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Will Hotels, Concerts and Lounges Allow Marijuana Use Next Year?EXPAND
Jacqueline Collins

Will Hotels, Concerts and Lounges Allow Marijuana Use Next Year?

A collective effort by several marijuana business groups could help bring social pot use to Colorado dispensaries, hotels, music venues and dozens of other types of businesses — if the concept makes it through the state legislature.

Marijuana industry lobbyists, tourism companies, lounge owners and dispensary representatives are planning to submit a marijuana hospitality bill to lawmakers that will propose creating two new business licenses that would allow social marijuana use in a manner similar to alcohol use.

One license would allow limited sales at dispensary tasting rooms and approved social-use businesses such as music halls and pot lounges. The other license would allow social consumption at other existing businesses, such as hotels and restaurants, but no marijuana sales in those businesses.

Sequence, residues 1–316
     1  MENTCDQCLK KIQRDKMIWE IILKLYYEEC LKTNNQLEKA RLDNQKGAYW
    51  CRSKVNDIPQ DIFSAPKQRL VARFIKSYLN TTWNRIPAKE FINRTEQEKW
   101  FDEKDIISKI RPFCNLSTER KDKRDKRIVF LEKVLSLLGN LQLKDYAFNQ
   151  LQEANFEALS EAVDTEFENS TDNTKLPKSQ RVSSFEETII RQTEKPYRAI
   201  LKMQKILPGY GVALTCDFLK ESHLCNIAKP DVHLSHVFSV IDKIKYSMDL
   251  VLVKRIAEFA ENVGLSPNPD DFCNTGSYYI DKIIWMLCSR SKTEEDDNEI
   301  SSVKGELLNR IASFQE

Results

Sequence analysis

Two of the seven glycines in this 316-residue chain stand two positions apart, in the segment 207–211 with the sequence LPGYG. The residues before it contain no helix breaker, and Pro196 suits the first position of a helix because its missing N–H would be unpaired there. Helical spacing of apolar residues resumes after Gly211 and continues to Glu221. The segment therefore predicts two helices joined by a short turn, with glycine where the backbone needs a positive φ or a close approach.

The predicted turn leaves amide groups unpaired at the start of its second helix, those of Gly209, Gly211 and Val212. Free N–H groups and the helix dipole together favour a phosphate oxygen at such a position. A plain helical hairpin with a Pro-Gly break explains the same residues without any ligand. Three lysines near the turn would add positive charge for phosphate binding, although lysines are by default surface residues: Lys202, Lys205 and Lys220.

The proposed legislation might also attempt to strip the state Department of Revenue's authority to ban marijuana use at businesses with liquor licenses.

Voters legalized retail marijuana in Colorado in late 2012, with sales starting on January 1, 2014, but so far the state has abstained from regulating social pot use. Amendment 64, the measure that legalized recreational marijuana, bans "open and public" marijuana use, but doesn't define exactly what "open and public" means. Previous attempts to legalize marijuana lounges and dispensary tasting rooms have been thwarted in the Colorado General Assembly, while the only local government to set up a license application system for social-use businesses has been Denver's, which has issued just two licenses since 2017.

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"This is about monitoring intoxication, and harm reduction. These private events allowing consumption are happening everywhere, with liquor, cannabis, all of it," explains marijuana lobbyist Cindy Sovine. "There's a reason why that it is: [The government] can't stop this. They have to do something proactively to bring these businesses into a regulated net to ensure public safety; otherwise, they'll still be steps ahead of the government."

Sovine tried to open a marijuana spa under Denver's Initiative 300 pilot program that allows qualified businesses to apply for a private marijuana-use permit. However, the program's requirements are restrictive, banning any location within 1,000 feet of a school, daycare, drug treatment center or city-owned park, pool and recreation center. Sovine's location was just over 980 feet from a childcare center. Despite a letter of support from the daycare center, which neighbors a bar, Sovine's application was rejected.